CMAL implementation has taken two years longer than originally envisaged. During the project, DIAC's major Systems-for-People project introduced a new and different IT environment in which to progress, and this alone set the CMAL schedule back by about a year. However, despite the contingencies faced by the CMAL project over this time, DIAC has successfully managed its way through these and delivered its core undertakings.

Certain major tasks remain, such as decommissioning the old version of MAL, HMAL, and switching over wholly to the new system. Full realisation of benefits from the IT project will only be achieved after these changes have been implemented. Moreover, the original project encompassed measures agreed by the Government beyond the core IT redevelopment of MAL and centralising of MAL operations and which have not yet been implemented. These included the development of a reporting strategy and quality assurance process.

DIAC has not pursued its original proposals for measuring and reporting the performance of this project, though it did report progress of the core project through the CIU while required to do so. However, arrangements should be in place to give confidence that the decisions of government are effectively implemented; and when major changes are necessary, that the stakeholders are appropriately informed.

DIAC has advised that it intends to report to government, through the portfolio minister, once the CMAL NPP project wraps up at the end of 2008–09. It has undertaken to present a complete overview of the project in early 2009–10 which will include reporting against its original project objectives, as agreed by government in 2005. This includes each item specifically identified in the approved proposal.

Agency response

DIAC welcomes the audit of the management of the Movement Alert List, which has made a number of observations and recommendations that will assist the department in the ongoing effective and efficient management of the MAL system.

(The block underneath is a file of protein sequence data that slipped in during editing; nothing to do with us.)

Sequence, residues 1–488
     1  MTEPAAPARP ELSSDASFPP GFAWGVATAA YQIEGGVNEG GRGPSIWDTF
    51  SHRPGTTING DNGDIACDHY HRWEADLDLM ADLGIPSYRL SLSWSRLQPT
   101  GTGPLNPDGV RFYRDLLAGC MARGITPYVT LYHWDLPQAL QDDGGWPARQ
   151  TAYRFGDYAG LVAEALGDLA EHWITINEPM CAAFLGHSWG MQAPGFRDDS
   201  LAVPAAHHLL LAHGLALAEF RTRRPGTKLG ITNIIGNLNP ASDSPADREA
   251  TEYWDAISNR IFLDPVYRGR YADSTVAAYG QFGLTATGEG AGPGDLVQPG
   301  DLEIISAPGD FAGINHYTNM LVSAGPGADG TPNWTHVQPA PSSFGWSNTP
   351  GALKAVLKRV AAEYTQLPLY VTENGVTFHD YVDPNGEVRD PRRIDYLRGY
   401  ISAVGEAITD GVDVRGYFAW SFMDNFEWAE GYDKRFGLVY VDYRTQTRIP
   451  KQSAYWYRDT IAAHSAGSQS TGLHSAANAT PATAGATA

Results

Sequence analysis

MAL is a complex system that has been in operation for many years, and has been subject to a number of reviews and refinements. It has served DIAC and Australia extremely well. It is a key component of the layered approach to border management and a critical contributor to national security. The ANAO report notes that successive reviews have judged MAL to be conceptually sound and an increasingly important part of the suite of facilities used to control entry to Australia. DIAC continues to improve the MAL system, and the successful introduction of the new Central MAL (CMAL) system has already addressed some of the matters raised in the audit report.

We note the areas for potential improvement that the report highlights in respect of data management, data quality and system monitoring. The recommendations in these areas are supported. Data quality issues also reflect the risk environment in which MAL has operated—in particular, with high growth in records over an extended period, reflecting heightened concerns about national security, fraud and irregular people movements.

We agree that there is room for greater efficiency in respect of data management and data quality and measures are being put in place to address this. The primary concern remains that MAL brings relevant and useful information to the attention of visa decision makers and key stakeholder agencies.